ICFP'07
, 2007
"... Operators for delimiting control and for capturing composable continuations litter the landscape of theoretical programming language research. Numerous papers explain their advantages, how the operators explain each other (or don’t), and other aspects of the operators’ existence. Production programm ..."
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Cited by 10 (1 self)
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Operators for delimiting control and for capturing composable continuations litter the landscape of theoretical programming language research. Numerous papers explain their advantages, how the operators explain each other (or don’t), and other aspects of the operators’ existence. Production programming languages, however, do not support these operators, partly because their relationship to existing and demonstrably useful constructs—such as exceptions and dynamic binding—remains relatively unexplored. In this paper,
In this paper, we report on our effort of translating the theory of delimited and composable control into a viable implementation for a production system. The report shows how this effort involved a substantial design element, including work with a formal model, as well as significant practical exploration and engineering.
The resulting version of PLT Scheme incorporates the expressive combination of delimited and composable control alongside dynamicwind, dynamic binding, and exception handling. None of the additional operators subvert the intended benefits of existing control operators, so that programmers can freely mix and match control operators.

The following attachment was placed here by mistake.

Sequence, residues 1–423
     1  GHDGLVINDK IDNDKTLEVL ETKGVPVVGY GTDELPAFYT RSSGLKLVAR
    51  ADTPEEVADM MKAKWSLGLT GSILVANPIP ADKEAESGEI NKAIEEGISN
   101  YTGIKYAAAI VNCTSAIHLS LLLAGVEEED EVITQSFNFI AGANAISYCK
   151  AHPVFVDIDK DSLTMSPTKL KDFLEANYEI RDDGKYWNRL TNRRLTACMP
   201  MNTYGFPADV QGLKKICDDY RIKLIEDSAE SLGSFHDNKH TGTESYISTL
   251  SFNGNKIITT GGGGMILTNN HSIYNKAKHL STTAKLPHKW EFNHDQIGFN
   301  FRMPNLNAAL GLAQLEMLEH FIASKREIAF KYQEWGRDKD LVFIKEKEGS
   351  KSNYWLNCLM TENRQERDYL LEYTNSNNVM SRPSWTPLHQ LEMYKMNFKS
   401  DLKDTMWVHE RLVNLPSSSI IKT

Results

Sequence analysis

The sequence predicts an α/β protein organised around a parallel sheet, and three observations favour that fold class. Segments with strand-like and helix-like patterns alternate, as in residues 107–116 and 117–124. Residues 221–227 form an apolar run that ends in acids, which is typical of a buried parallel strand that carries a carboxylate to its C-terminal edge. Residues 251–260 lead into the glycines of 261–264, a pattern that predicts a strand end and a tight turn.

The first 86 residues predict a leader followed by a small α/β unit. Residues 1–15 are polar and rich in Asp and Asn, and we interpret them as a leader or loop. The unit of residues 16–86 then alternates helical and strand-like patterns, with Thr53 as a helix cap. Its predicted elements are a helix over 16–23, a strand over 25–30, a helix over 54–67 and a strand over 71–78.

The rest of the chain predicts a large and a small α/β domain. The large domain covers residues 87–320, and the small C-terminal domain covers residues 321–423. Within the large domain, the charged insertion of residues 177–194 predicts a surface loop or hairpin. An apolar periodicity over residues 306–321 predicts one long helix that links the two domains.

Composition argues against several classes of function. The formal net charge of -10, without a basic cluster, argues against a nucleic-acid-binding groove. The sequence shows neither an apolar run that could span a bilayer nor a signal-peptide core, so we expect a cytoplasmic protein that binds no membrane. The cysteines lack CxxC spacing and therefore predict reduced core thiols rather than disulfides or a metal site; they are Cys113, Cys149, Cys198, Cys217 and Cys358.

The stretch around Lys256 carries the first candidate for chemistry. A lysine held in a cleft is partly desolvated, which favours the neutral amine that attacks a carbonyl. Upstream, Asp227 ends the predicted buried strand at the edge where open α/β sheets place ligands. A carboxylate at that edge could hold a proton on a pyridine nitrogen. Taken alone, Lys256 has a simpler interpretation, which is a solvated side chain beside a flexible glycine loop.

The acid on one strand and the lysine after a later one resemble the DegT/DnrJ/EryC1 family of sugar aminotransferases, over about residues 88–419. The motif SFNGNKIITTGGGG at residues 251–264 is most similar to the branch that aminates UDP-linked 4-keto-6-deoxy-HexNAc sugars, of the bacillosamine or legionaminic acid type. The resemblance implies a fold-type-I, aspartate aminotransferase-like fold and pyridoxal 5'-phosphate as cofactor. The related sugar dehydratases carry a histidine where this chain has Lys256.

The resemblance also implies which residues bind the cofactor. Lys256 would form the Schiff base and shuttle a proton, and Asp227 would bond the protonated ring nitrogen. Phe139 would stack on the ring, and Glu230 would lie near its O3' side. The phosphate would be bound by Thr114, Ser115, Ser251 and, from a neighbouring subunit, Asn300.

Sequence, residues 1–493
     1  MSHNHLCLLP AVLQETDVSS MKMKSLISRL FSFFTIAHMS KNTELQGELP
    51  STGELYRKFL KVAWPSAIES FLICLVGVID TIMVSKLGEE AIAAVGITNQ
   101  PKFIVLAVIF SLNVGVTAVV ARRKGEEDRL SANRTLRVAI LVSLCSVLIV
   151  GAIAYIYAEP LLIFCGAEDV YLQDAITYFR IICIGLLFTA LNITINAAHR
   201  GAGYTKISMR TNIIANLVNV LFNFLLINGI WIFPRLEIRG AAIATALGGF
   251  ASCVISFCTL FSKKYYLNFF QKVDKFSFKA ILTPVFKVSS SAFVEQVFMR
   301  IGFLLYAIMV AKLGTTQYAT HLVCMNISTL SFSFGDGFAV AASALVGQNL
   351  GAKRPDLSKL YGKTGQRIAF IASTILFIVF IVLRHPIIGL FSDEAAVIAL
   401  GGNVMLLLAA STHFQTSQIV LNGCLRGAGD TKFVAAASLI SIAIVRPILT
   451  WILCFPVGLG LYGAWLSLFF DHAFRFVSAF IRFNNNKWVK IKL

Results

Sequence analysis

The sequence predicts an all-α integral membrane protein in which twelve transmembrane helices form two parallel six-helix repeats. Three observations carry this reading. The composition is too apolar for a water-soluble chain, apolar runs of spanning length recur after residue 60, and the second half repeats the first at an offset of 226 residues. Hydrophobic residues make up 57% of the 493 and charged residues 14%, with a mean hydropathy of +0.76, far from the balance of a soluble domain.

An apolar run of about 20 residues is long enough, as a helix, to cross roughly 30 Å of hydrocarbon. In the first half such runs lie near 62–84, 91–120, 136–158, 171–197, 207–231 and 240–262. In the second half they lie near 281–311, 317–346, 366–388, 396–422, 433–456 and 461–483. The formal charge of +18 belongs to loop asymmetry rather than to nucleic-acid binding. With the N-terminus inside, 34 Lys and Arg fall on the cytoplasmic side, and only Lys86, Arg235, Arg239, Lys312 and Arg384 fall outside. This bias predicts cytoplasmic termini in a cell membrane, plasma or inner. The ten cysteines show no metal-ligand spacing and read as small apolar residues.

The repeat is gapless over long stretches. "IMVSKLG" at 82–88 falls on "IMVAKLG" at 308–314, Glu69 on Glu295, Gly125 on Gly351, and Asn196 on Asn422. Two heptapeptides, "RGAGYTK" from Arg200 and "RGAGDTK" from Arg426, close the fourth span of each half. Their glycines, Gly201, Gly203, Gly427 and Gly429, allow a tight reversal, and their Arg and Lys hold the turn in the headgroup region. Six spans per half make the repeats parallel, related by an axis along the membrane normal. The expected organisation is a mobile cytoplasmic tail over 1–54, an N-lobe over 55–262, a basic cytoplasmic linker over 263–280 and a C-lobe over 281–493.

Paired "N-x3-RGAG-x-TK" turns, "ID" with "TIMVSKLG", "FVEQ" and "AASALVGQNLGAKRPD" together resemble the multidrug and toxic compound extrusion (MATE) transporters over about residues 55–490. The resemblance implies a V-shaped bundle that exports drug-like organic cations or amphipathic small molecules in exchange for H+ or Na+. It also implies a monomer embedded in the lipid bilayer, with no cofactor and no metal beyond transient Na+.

Delimited Control in OCaml, Abstractly and Concretely System Description
"... Abstract. We describe the first implementation of multiprompt delimited control operators in OCaml that is direct in that it captures only the needed part of the control stack. The implementation is a library that requires no changes to the OCaml compiler or runtime, so it is perfectly compatible ..."
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Abstract. We describe the first implementation of multiprompt delimited control operators in OCaml that is direct in that it captures only the needed part of the control stack. The implementation is a library that requires no changes to the OCaml compiler or runtime, so it is perfectly compatible with existing OCaml source code and bytecode. The library has been in fruitful practical use for four years. We present the library as an implementation of an abstract machine derived by elaborating the definitional machine. The abstract view lets us distill a minimalistic API, scAPI, sufficient for implementing multiprompt delimited control. We argue that a language system that supports exception and stackoverflow handling supports scAPI. Our library illustrates how to use scAPI to implement multiprompt delimited control in a typed language. The approach is general and can be used to add multiprompt delimited control to other existing language systems. 1
A static simulation of dynamic delimited control
 HIGHERORDER AND SYMBOLIC COMPUTATION